Chevy’s stripped-down Silverado can still pack a punch
CASEY WILLIAMS | Auto Reviewer
There’s something about a pickup truck that causes even the most colorful club queen to find her inner lumberjack, but buying one often requires stupid coin — what with all of the intoxicating saddle leather, slick touchscreens, crash avoidance systems and rear seats with enough space to rival a penthouse suite. I mean, it’s nice, but who needs all that shiz? Is going without really doing without?
Luxury trucks will spoil you, so slipping into our plain Jane Chevy Silverado was temporarily demoralizing. Cloth seats were manually-adjusted, climate control required human intervention, and the steering wheel was rubber. Forget about heated/cooled thrones, heated steering wheel, or back-up camera too. Power windows, mirrors, Bluetooth, satellite radio and flip down armrest with pass-through for USB and power ports were part of the accoutrement. You can even activate 4G LTE Wi-Fi to connect all your iThings.
Double Cabs net you four front-hinged doors with outside door handles, but rear seat space is about as tight as the old extended cabs. Front passengers sit like princes on a big comfy 40/20/40-split bench, but three in the rear sit straight up with knees bent. It was impeccable for my mother-in-law, but if you want to take people you actually like cross-country, get the longer Crew Cab.
The truck’s exterior only exacerbates the conflict between luxury and affordability — because it flashes its 20-in. aluminum wheels, chrome door handles, gleaming mirror caps, and body color bumper pads like dime store jewelry on a destitute. A big chrome grille flanked by stacked headlamps move slowpokes out of the left lane while bulging fenders and chiseled hood reveal its hard-working origins. Check the cool corner step bumper.
Base Silverados come with a 4.3-liter V6 that’s powerful enough for amateur landscapists, but the 355 horsepower 5.3-liter V8 is a better choice if actual work is planned. On open Interstate or curvy backroads, you barely notice the engine shutting down four cylinders to conserve fuel or the six-speed automatic transmission stepping through gears. Plant your Cole Haan firmly into the throttle to feel the big truck thrust forward with zeal. Fuel economy is rated a reasonable 16/23-MPG city/hwy.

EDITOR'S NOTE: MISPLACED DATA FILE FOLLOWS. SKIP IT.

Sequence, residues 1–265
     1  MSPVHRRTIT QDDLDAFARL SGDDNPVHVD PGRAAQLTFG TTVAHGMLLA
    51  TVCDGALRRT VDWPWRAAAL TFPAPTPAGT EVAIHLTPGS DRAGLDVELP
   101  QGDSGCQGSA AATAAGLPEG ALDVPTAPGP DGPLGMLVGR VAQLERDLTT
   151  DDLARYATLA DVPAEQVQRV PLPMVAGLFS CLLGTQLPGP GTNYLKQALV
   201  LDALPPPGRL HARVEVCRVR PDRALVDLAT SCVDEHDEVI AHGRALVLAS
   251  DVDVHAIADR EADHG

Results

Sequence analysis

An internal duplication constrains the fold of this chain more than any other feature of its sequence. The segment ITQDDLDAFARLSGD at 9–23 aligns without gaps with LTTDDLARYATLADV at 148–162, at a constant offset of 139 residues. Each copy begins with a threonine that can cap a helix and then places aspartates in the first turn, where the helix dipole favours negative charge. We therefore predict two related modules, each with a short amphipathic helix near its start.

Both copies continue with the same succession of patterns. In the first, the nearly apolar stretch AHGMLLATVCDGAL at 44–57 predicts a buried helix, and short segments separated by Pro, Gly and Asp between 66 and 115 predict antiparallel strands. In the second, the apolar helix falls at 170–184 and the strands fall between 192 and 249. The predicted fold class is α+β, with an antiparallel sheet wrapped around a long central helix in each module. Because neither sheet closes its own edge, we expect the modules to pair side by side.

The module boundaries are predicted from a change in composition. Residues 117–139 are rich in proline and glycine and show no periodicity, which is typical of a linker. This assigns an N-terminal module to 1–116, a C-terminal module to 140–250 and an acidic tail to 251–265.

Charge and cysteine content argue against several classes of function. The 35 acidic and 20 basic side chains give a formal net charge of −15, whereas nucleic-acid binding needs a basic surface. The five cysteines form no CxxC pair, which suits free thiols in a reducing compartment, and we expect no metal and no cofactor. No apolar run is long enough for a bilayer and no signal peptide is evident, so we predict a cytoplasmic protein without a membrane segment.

If you live in a swanky downtown condo or often park at chic restaurants, skip the Silverado — it’s a whopper (the mid-size Colorado pickup is smarter). But, there’s nothing more American than loading up your posse and heading off across open prairie with anything you darned-well want. I could gripe about all of the black plastic and vinyl inside, but it will all last longer than it takes to get served at an Indiana bakery.
Although the exterior is gleaming for a night on the town, this is not a truck you would be afraid to get mulched, sling fishes, or get in dripping wet clean off a jet ski. If you can afford it, buy a Silverado High Country and
luxuriate in it. But, I’m not rich, so I’d go for our suave truck that proves going without doesn’t mean doing without.
Expect to pay $26,105 or $35,660 as-tested. Also consider the Ford F-150, Ram 1500, GMC Sierra, Toyota Tundra, and Nissan Titan.
This article appeared in the Dallas Voice print edition September 4, 2015.